Onward and Upward

Blog archive

LightSwitch Blurs the Lines

A big part of my new duties with Visual Studio magazine is taking briefings with vendors. It's essential to get to know them, since that's where much of the innovation in the industry comes from. From scrappy start-ups to established "big dogs," the vendors help push development forward -- normally by making your job as a developer easier.

To that end, I recently talked with Infragistics about its LightSwitch plug-in called NetAdvantage for LightSwitch, which Executive Editor Kathleen Richards wrote about in her excellent coverage of LightSwitch's release.

I watched a demo of NetAdvantage for LightSwitch recently, and came away impressed -- with both LightSwitch and NetAdvantage for LightSwitch. It's clear that LightSwitch provides the means to build the kind of full-featured applications never before available without lots of hand-coding.

Certainly, you won't be able to build a sophisticated online CRM app in LightSwitch. But you will be able to build some impressive line-of-business apps, for example, without ever opening a code editor or writing a single method.

And with tools like NetAdvantage for LightSwitch, you'll be able to do even more. Jason Beres, vice president of product management at Infragistics, said that he believes that LightSwitch's greatest weakness may be its data visualization. So if you want anything beyond the most basic graphs and charts, you'll need to look to third-party tools or dig into code. Of course, if you like digging into code, why would you be using LightSwitch in the first place?

That's why NetAdvantage for LightSwitch comes with lots of data visualization tools; it's filling in those gaps, allowing non-devs to stay away from scary C# or VB.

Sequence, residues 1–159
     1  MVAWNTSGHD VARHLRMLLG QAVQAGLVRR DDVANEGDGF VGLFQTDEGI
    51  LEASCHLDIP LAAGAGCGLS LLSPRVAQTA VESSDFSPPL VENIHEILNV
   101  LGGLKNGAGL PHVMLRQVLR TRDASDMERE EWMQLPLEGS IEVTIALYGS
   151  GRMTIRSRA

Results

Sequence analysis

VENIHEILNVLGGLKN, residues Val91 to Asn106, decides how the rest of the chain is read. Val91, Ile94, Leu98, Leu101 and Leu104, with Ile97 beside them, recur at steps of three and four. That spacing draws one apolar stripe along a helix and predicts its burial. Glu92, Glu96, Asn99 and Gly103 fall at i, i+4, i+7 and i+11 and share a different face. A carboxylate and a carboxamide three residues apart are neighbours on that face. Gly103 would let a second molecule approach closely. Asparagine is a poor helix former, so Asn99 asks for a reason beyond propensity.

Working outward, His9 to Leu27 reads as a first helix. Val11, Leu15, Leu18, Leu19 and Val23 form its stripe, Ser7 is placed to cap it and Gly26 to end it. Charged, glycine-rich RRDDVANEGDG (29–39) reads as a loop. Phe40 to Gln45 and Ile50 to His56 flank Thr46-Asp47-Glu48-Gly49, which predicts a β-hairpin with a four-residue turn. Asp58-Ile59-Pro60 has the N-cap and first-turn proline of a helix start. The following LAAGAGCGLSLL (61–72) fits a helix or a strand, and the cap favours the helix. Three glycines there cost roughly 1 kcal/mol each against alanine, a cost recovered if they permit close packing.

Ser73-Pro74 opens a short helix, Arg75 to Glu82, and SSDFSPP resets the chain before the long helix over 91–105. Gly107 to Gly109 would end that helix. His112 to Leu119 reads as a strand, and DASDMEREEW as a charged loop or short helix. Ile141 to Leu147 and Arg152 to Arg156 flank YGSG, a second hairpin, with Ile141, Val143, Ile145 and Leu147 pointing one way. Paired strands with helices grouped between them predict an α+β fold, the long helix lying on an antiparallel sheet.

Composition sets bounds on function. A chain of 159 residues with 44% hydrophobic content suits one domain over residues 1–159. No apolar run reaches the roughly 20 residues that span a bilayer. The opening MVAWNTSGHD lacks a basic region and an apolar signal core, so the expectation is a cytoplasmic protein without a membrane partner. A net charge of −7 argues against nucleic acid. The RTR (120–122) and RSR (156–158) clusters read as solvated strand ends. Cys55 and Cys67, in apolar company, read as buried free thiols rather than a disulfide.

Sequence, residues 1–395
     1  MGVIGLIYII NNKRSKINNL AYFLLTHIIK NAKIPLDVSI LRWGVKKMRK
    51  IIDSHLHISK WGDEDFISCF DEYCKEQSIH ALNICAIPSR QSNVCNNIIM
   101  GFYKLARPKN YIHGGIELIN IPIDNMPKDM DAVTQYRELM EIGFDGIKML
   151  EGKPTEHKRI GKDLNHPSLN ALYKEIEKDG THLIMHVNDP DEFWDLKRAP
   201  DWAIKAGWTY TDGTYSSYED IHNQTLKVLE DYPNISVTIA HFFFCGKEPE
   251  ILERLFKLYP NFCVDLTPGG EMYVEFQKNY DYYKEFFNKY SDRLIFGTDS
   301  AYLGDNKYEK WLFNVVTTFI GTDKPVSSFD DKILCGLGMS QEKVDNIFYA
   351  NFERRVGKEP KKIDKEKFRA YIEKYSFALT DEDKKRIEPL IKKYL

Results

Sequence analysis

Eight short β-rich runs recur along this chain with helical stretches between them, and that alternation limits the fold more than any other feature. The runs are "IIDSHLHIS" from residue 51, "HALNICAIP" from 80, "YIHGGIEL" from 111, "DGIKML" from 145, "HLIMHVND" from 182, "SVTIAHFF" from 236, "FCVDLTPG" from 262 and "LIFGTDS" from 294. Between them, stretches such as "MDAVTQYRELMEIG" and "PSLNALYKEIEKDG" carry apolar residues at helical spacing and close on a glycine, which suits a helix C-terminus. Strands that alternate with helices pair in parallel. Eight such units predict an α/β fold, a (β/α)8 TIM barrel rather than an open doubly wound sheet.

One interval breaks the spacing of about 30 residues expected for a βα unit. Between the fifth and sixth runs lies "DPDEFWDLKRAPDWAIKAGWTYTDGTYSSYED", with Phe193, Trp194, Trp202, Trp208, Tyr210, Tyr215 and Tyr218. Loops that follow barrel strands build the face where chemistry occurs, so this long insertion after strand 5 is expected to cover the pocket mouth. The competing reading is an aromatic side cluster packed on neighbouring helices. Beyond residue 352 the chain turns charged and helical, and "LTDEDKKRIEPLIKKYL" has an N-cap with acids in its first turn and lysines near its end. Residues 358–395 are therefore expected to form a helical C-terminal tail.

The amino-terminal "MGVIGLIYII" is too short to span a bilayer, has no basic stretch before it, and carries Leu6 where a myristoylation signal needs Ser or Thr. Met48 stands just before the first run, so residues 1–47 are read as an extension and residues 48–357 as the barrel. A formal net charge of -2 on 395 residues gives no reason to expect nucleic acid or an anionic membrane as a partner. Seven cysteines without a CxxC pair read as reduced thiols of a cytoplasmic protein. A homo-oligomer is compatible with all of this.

Beres also said that he thinks LightSwitch's initial uptake will be strongest among developers. It could crossover big-time into the power user/dba/Access geek crowd as well -- if, Beres says, Microsoft puts some serious marketing muscle behind it. I think he's right. LightSwitch is an opportunity to reach a mostly-untapped market of people who want to build apps without coding.

What do you think? Will LightSwitch break down barriers and get more folks interested in dev? Will those people want to learn more and start to learn code? Let me know via e-mail or on Twitter (follow me at @VSM_Keith), or post in the comments.

Posted by Keith Ward on 08/02/2011 at 1:15 PM


comments powered by Disqus

Featured

  • Death of the Dev Machine?

    Here's a takeaway from this week's Ignite 2020 event: An advanced Azure cloud portends the death of the traditional, high-powered dev machine packed with computing, memory and storage components.

  • COVID-19 Is Ignite 2020's Elephant in the Room: 'Frankly, It Sucks'

    As in all things of our new reality, there was no escaping the drastic changes in routine caused by the COVID-19 pandemic during Microsoft's big Ignite 2020 developer/IT pro conference, this week shifted to an online-only event after drawing tens of thousands of in-person attendees in years past.

  • Visual Studio 2019 v16.8 Preview Update Adds Codespaces

    To coincide with the Microsoft Ignite 2020 IT pro/developer event, the Visual Studio dev team shipped a new update, Visual Studio 2019 v16.8 Preview 3.1, with the main attraction being support for cloud-hosted Codespaces, now in a limited beta.

  • Speed Lines Graphic

    New for Blazor: Azure Static Web Apps Support

    With Blazor taking the .NET web development world by storm, one of the first announcements during Microsoft's Ignite 2020 developer/IT event was its new support in Azure Static Web Apps.

  • Entity Framework Core 5 RC1 Is Feature Complete, Ready for Production

    The first release candidate for Entity Framework 5 -- Microsoft's object-database mapper for .NET -- has shipped with a go live license, ready for production.

Upcoming Events